Rutgers is fast, very fast. Get the ball, break downcourt, pass, shoot, score. Press, steal, score again. The Scarlet Knights have turned their basketball schedule into a relay race and lapped their first 13 opponents. They are quick of hand, fleet of foot and swifter than the Old Raritan.
When the Knights are not attacking an opponent from one direction, they come from another, scoring 97.2 points a game on offense and forcing 27 turnovers on defense. After Boston College absorbed a 105-82 licking at home last month, Eagle Coach Bob Zuffelato said he had never seen a faster team.
Other coaches are not too sure what the blur was. A game can be in doubt, when suddenly Rutgers revs up and starts burning rubber, turning close contests into routs (23 points is its average margin of victory) and leaving skid marks up and down the court. "It's just a matter of time before it happens," says play-maker Ed Jordan. "When it does, it's fun just to watch," adds reserve Guard Mark Conlin. "Like going to the circus," concludes Assistant Coach Joe Boylan.
Led by All-America candidate Phil Sellers, the Scarlet Knights already have broken the school single-game scoring record with 119 points against Seton Hall and won Rutgers' first tournament ever, the Poinsettia Classic. With a schedule that does not include an opponent in the current Top 20, the Knights also have a good chance for their first unbeaten regular season. As for the NCAA tournament, Penn Coach Chuck Daly was boosting Rutgers for the final four even before his Quakers were blitzed 95-80.
This kind of get-up-and-go excitement is long overdue at the New Brunswick, N.J. university. Only 17 miles from Princeton, it has suffered a sub-Ivy inferiority complex for most of its 210 years. And despite its long history, Rutgers' athletic accomplishments are surprisingly few. It did host the first college football game, against Princeton in 1869, but the site of that grand occasion is now a parking lot. Similarly, the nearby birthplace of alumnus Joyce Kilmer is an American Legion hall. (I think that I shall never boast/My home is now the Legion post.)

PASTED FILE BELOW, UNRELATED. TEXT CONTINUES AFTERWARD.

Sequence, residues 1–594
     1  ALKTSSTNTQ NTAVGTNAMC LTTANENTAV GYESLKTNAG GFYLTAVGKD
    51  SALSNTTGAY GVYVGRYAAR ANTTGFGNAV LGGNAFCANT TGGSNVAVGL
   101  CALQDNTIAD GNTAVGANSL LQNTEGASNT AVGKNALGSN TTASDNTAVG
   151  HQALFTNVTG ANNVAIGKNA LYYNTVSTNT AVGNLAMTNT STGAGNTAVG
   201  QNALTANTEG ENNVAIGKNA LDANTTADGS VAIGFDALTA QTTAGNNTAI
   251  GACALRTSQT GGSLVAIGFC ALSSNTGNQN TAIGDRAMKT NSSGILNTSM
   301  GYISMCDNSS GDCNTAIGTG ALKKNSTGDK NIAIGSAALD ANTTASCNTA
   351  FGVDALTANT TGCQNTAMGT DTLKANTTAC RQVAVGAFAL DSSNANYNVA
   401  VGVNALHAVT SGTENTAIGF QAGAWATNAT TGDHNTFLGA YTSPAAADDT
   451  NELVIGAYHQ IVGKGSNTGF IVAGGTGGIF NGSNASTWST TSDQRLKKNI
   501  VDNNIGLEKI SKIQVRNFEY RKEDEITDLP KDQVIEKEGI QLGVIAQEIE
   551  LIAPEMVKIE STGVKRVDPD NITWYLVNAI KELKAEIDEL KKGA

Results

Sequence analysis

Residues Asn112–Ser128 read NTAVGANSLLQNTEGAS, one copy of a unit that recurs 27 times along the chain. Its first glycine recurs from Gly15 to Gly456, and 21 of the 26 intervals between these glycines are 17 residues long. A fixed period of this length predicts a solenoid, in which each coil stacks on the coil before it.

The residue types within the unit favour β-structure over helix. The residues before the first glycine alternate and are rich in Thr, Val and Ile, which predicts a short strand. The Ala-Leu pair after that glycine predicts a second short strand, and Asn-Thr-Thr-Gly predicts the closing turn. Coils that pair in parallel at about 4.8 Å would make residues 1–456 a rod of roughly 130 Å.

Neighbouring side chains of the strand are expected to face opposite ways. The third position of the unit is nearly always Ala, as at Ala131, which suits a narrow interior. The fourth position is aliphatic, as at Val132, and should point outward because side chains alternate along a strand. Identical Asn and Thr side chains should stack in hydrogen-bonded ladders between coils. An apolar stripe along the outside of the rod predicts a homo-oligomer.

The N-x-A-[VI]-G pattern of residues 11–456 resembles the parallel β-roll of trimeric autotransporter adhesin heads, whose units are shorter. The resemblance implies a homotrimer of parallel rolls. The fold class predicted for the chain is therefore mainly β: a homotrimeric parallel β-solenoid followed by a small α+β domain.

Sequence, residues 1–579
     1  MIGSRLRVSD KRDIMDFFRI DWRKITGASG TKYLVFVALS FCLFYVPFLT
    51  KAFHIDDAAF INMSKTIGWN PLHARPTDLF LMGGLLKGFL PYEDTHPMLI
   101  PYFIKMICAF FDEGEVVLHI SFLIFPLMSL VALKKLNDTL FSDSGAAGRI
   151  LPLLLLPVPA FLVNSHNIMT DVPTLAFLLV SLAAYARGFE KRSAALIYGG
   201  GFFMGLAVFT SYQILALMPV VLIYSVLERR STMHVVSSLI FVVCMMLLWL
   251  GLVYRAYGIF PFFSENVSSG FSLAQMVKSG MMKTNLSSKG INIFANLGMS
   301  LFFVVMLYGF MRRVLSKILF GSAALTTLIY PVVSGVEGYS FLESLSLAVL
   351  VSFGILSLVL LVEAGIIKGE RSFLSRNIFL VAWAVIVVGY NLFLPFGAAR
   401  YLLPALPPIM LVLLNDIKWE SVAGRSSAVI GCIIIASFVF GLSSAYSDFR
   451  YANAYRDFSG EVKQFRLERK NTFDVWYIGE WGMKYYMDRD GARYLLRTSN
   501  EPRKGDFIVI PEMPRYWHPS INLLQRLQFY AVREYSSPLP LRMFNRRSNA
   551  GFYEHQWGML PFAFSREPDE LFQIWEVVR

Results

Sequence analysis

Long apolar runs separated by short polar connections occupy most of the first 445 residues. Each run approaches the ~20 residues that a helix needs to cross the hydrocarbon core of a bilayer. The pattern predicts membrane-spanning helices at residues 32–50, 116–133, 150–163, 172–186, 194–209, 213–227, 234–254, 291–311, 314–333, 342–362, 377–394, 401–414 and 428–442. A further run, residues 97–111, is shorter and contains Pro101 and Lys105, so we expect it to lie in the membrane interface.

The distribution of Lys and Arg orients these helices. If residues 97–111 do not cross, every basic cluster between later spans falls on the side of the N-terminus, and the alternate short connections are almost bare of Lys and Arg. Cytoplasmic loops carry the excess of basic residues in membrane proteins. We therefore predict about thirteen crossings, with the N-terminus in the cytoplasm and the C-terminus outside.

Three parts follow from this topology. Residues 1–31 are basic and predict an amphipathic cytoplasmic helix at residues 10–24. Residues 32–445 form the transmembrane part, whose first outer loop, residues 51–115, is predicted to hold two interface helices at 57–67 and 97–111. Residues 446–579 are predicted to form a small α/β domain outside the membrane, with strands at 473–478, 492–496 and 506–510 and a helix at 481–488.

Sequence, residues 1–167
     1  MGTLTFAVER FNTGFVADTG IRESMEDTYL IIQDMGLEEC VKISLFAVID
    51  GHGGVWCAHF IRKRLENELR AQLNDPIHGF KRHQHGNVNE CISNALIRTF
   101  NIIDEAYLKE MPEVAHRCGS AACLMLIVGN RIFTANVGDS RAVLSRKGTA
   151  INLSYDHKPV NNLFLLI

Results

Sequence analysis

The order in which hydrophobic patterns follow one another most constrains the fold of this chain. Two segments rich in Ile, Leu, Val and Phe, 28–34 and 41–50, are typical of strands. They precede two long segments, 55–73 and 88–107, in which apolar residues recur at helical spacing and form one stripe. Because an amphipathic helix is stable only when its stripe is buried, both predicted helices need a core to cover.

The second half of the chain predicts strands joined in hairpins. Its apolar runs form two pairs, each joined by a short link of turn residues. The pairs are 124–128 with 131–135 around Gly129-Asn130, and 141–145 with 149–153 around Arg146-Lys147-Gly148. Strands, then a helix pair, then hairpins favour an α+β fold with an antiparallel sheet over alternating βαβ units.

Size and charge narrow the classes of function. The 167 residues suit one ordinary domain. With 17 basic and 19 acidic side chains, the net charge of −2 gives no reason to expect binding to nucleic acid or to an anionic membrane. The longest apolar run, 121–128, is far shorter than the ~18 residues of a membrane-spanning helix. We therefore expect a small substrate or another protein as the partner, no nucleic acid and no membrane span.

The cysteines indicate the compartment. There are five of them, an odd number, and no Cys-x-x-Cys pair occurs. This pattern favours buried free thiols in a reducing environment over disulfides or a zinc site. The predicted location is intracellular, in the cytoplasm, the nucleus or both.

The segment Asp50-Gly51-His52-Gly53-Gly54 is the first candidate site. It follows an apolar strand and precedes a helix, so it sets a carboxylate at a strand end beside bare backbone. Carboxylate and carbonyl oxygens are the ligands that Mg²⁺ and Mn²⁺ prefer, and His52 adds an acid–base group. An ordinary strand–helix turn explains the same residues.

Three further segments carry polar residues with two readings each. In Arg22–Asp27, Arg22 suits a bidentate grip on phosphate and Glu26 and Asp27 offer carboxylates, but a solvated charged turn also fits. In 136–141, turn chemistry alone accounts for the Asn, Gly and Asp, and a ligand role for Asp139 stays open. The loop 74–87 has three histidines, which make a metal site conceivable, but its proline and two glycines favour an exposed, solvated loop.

Rutgers had maintained such a low profile athletically that when Coach Tom Young arrived from American University in 1973 he did not realize that it was New Jersey's state university. "I just knew it had a great location for recruiting," he says.
That location—halfway between the basketball hotbeds of New York and Philadelphia—seldom has been exploited. From 1950 to 1965 the Knights enjoyed only one winning basketball season. There have been 10 straight .500-plus years since then, with the greatest success coming after Young's arrival.
He coached Rutgers to 18 victories and an NIT bid in his first year, and 22 wins and the school's first NCAA invitation the next. But Young's public recognition has lagged behind his accomplishments. He played and roomed with All-America Gene Shue at the University of Maryland and, following an interruption for Army service, returned to co-captain the Terps to their only ACC championship in 1958. He spent the next 15 years coaching in the Washington area, starting as the 24-year-old head man at Catholic University, returning to Maryland for two seasons as an assistant and finishing at American.
Young has guided his teams to 248 victories in 388 games, clinging all the while to any old towel he can find and usually squatting in front of the bench. It may look funny but it works.
So does his lenient attitude toward his players. The Scarlet Knights may stay out late, grow beards, stuff the ball in practice and even drink beer on the team bus after games. His coaching philosophy also suits them. "The players got excited about full-court pressure defense when they realized it was the quickest way they could get the ball back and score again," Young says.
Young learned the virtues of all-out aggressiveness the hard way, during a 91-78 NCAA tournament loss to Louisville last season. Convinced, he adopted the Cardinals' high-energy style for his own. Now the Scarlet Knights come on like greyhounds, not bothered at all by their lack of muscle and inconsistent outside shooting.